Emily’s List, the national women’s rights group, has endorsed Democrat Jen Jordan in a competitive fight for state Senate District 6, which straddles Buckhead and Vinings and has been vacated by Republican Hunter Hill. Jordan is one of eight candidates — three of whom are Democrats. We told you Thursday that one of Jordan’s Democratic opponents, Vinings dentist Jaha Howard, is facing scrutiny after deleting “embarrassing” Facebook posts.
U.S. Rep. John Lewis has picked a side in the crowded race to represent a deep-blue Atlanta district in the state House. The lawmaker endorsed attorney Sachin Varghese in the contest to succeed Stacey Abrams, who vacated the District 89 seat to run for governor. Varghese is one of four Democrats in the contest. (GB)
The top Republican and Democrat on the House Oversight Committee on Wednesday threatened to subpoena documents from the U.S. Department of Agriculture after alleging that Secretary Sonny Perdue’s agency didn’t comply with their inquiry regarding the use of private jets by senior administration officials. The Politico.com report comes less than a month after former health chief Tom Price stepped down following media reports detailing his widespread private jet use. (TH)
U.S. Rep. Drew Ferguson, a Republican from West Point, has drawn a Democratic challenger. The Columbus Ledger-Enquirer reports that high school science teacher Rusty Oliver is challenging the first-term Republican. He listed health care and opposition to President Donald Trump’s executive actions on environmental protections as what motivated him to run. (TH)
Our AJC colleague Vanessa McCray reports that the Atlanta Board of Education ethics commission on Thursday quickly dismissed complaints filed by a school board candidate Charlie Stadtlander against District 8 incumbent Cynthia Briscoe Brown, whom he hopes to unseat on Nov. 7.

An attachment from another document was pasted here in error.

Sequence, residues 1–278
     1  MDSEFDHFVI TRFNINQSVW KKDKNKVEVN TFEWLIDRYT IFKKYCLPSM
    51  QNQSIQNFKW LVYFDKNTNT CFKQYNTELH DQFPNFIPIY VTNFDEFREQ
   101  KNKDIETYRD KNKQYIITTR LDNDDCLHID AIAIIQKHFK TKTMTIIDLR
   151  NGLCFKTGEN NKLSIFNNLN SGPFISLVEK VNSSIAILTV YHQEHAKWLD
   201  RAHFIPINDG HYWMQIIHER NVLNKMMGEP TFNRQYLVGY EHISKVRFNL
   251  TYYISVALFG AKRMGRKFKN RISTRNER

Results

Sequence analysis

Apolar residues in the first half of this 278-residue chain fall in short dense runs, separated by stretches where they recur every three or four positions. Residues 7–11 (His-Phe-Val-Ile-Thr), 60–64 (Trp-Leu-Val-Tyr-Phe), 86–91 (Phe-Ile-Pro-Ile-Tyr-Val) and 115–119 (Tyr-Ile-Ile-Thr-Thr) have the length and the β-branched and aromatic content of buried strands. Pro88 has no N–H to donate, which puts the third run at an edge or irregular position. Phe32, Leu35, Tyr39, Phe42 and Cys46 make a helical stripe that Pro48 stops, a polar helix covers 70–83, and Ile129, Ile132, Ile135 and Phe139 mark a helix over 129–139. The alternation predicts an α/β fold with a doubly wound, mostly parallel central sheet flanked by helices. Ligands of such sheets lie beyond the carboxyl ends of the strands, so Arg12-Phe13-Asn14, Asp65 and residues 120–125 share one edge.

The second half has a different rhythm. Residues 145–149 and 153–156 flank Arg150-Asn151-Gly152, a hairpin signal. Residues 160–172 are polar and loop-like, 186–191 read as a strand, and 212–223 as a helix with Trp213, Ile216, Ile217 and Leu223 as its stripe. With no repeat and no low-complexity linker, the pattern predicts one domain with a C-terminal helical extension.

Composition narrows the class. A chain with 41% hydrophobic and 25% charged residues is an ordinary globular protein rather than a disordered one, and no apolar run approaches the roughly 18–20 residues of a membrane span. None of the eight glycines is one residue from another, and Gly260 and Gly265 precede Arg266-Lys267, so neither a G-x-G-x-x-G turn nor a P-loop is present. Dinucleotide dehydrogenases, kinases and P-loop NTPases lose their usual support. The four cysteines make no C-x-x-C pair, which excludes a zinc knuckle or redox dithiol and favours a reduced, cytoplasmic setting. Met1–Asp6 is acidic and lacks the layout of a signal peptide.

The commission met for less than an hour to discuss the matter. Among other things, Stadtlander alleged Brown offered an Atlanta Public Schools job to one of his campaign workers who knocked on Brown’s door. Brown had denied that and other allegations.
This week in Las Vegas, Democratic National Committee chair is expected to announce his appointments to various party positions. A leaked list has angered supporters of Bernie Sanders. One of those drawing criticism is from Atlanta. According to the Observer:
Daniel Halpern was chosen to serve as co-chair of the DNC Finance Committee. As chairman of the Georgia Restaurant Association, Halpern played an active role in shutting down a bill that would have increased Georgia’s state minimum wage.
Updated at 6:30 p.m.: Daniel Halpern just called from Vegas, confirming his appointments. But he also wanted us to know that he fully supported an increase in the minimum wage at the federal level, though he is not sure how high. Nor does he think raising the minimum wage is enough. He favors some sort of housing tax credit to help low-income workers afford rent or house payments that are rapidly outstripping their ability to pay.
According to Flagpole magazine, Houston Gaines, the sole Republican running to replace state Rep. Regina Quick in Athens-based House District 117, has settled on an answer for those who want to know whether he would support Donald Trump or Hillary Clinton today. He simply doesn’t answer the question.
In the U.S. Senate, you’ve got to take humor where you can find it. We must say this budget amendment from Georgia’s David Perdue constitutes some A+ trolling. The Republican has long railed about how awful he thinks Congress’ budget process is, but the freshman Republican threw some next-level shade on Thursday, during the “vote-a-rama” process.
He won cheers from his colleagues for offering the final amendment of the night, a non-binding provision to declare the whole process a load of baloney. His amendment’s specific purpose: “To establish a deficit-neutral reserve fund relating to eliminating deficit-neutral reserve funds.” (TH)